- are scheduled to receive any immunizations (vaccines). You should not get 'live vaccines' if you are receiving ILARIS.
- are pregnant or planning to become pregnant. It is not known if ILARIS will harm your unborn baby. Tell your healthcare provider right away if you become pregnant while receiving ILARIS.
- are breastfeeding or planning to breastfeed. It is not known if ILARIS passes into your breast milk. You and your healthcare provider should decide if you will receive ILARIS or breastfeed.
Tell your healthcare provider about all the medicines you take, including prescription and over-the-counter medicines, vitamins, and herbal supplements. Especially tell your healthcare provider if you take:
- Medicines that affect your immune system
- Medicines called IL-1 blocking agents such as Kineret® (anakinra), Arcalyst® (rilonacept)
- Medicines called Tumor Necrosis Factor (TNF) inhibitors such as Enbrel® (etanercept), Humira® (adalimumab), Remicade® (infliximab), Simponi® (golimumab), or Cimzia® (certolizumab pegol)
- Medicines that effect enzyme metabolism
Ask your healthcare provider for a list of these medicines if you are not sure.
How should I receive ILARIS?
- ILARIS is given by your healthcare provider every 8 weeks for CAPS and every 4 weeks for TRAPS, HIDS/MKD, FMF, and SJIA.
What are the possible side effects of ILARIS?
ILARIS can cause serious side effects, including:
- See “What is the most important information I should know about ILARIS?”
- decreased ability of your body to fight infections (immunosuppression). For people treated with medicines that cause immunosuppression like ILARIS, the chances of getting cancer may increase.
- allergic reactions. Allergic reactions can happen
while you are receiving ILARIS. Call your healthcare provider right away if you
have any of these symptoms of an allergic reaction:
- itching and hives
- difficulty breathing or swallowing
- dizziness or feeling faint
- risk of infection with live vaccines. You should not get live vaccines if you are receiving ILARIS. Tell your healthcare provider if you are scheduled to receive any vaccines.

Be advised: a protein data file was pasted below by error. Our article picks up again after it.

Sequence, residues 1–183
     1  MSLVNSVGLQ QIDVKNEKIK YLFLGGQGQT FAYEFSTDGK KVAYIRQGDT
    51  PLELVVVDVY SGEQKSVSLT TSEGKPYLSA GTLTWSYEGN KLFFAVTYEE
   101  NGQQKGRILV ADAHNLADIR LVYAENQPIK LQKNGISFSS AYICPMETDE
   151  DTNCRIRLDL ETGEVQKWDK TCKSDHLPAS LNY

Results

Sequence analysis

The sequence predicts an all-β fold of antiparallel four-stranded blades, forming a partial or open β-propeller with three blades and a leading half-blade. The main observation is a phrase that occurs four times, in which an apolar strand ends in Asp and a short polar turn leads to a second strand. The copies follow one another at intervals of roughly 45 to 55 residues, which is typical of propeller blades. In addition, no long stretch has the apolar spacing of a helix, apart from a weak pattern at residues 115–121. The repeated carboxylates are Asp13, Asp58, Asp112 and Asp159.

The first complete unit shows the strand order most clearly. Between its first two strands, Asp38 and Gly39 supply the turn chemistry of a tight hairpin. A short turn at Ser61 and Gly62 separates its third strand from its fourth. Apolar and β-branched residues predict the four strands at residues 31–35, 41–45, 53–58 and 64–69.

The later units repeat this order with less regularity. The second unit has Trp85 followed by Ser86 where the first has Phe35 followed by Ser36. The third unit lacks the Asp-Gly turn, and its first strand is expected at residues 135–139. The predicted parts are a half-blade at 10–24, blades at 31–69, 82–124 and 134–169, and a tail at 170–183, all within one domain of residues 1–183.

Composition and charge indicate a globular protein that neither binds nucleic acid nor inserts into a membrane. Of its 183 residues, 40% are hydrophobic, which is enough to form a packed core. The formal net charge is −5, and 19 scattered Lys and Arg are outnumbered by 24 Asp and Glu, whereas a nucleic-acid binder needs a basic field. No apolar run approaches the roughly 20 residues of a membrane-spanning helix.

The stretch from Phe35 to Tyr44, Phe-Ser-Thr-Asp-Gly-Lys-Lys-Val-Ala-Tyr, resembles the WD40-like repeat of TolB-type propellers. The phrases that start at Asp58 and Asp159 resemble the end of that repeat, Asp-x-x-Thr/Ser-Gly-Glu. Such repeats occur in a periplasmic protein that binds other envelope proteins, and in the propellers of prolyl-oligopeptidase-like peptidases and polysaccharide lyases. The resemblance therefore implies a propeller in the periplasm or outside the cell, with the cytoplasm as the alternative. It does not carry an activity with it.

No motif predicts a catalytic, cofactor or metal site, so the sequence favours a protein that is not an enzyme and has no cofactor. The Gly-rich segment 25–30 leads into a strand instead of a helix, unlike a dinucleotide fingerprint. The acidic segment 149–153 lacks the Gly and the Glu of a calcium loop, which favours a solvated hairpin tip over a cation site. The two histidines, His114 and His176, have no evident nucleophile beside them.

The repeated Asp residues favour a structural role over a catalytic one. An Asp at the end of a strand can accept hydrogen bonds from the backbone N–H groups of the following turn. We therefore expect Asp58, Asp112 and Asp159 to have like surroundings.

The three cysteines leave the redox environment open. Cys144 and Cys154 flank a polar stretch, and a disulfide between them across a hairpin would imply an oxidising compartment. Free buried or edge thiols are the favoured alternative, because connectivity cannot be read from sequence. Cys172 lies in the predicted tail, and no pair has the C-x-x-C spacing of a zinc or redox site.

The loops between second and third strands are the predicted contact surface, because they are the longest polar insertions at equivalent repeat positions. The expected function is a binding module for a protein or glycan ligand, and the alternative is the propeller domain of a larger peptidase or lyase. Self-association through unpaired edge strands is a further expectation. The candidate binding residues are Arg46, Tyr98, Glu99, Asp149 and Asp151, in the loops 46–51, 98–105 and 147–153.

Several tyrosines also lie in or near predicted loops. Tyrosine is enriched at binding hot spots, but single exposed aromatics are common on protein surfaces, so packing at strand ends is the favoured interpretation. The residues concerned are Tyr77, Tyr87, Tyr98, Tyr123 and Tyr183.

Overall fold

The most common side effects of ILARIS include:
When ILARIS is used for the treatment of CAPS:
- cold symptoms
- feeling like you are spinning (vertigo)
- weight gain
- flu (influenza)
- body aches
- injection-site reactions(such as redness, swelling,warmth, or itching)
- runny nose
- nausea, vomiting, and diarrhea (gastroenteritis)
When ILARIS is used for the treatment of TRAPS, HIDS/MKD, and FMF:
- cold symptoms
- runny nose
- nausea, vomiting, and diarrhea (gastroenteritis)
- Upper respiratory tract
- sore throat
- Injection-site reactions (such as infection redness, swelling, warmth, or itching)
When ILARIS is used for the treatment of SJIA:
- cold symptoms
- runny nose
- nausea, vomiting, and diarrhea (gastroenteritis)
- upper respiratory tract
- sore throat
- stomach pain infection
- urinary tract
- injection-site reactions infection
Tell your healthcare provider about any side effect that bothers you or does not go away. These are not all the possible side effects of ILARIS. For more information, ask your healthcare provider or pharmacist.
Call your doctor for medical advice about side effects. You may report side effects to FDA at 1-800-FDA-1088.
General information about the safe and effective use of ILARIS.
Medicines are sometimes prescribed for purposes other than those listed in this Medication Guide. Do not use ILARIS for a condition for which it was not prescribed.
You can ask your healthcare provider or pharmacist for information about ILARIS that was written for health professionals.
What are the ingredients in ILARIS?
Active ingredient: canakinumab
Powder for Solution for Injection: L-histidine, L-histidine HCl monohydrate, polysorbate 80, sterile water for injection, sucrose
Solution for Injection: L-histidine, L-histidine HCl monohydrate, mannitol, polysorbate 80, sterile water for injection
What are Periodic Fever Syndromes?
Periodic Fever Syndromes is the name for several different autoinflammatory diseases, including CAPS, TRAPS, HIDS/MKD, and FMF. People with these diseases cannot keep certain chemicals made by their body (interleukin-1 beta, also called IL-1β) at the correct level. All these diseases have symptoms that often come and go, with irritated body parts (inflammation) and elevated body temperature (fever). These conditions have a dysregulation of IL-1β production and share similar clinical features of recurrent episodes of inflammation and fever such as rash, headache, pain (mostly in the joints, belly, eyes, muscles), fatigue, inflammation of other organs such as heart, lungs, spleen, and brain.
What is SJIA?
SJIA is an autoinflammatory disorder which can be caused by having too much or being too sensitive to certain proteins, including interleukin-1β (IL-1β), and can lead to symptoms such as fever, rash, headache, feeling very tired (fatigue), or painful joints and muscles.
What is Macrophage Activation Syndrome (MAS)?
MAS is a syndrome associated with SJIA and some other autoinflammatory diseases like HIDS/MKD that can lead to death. Tell your healthcare provider right away if your SJIA symptoms get worse or if you have any of these symptoms of an infection:
- a fever lasting longer than 3 days
- a cough that does not go away
- redness in one part of your body
- warm feeling or swelling of your skin
Autoimmune Disease Resources
Report Problems to the Food and Drug Administration
You are encouraged to report negative side effects of prescription drugs to the FDA. Visit the FDA MedWatch website or call 1-800-FDA-1088.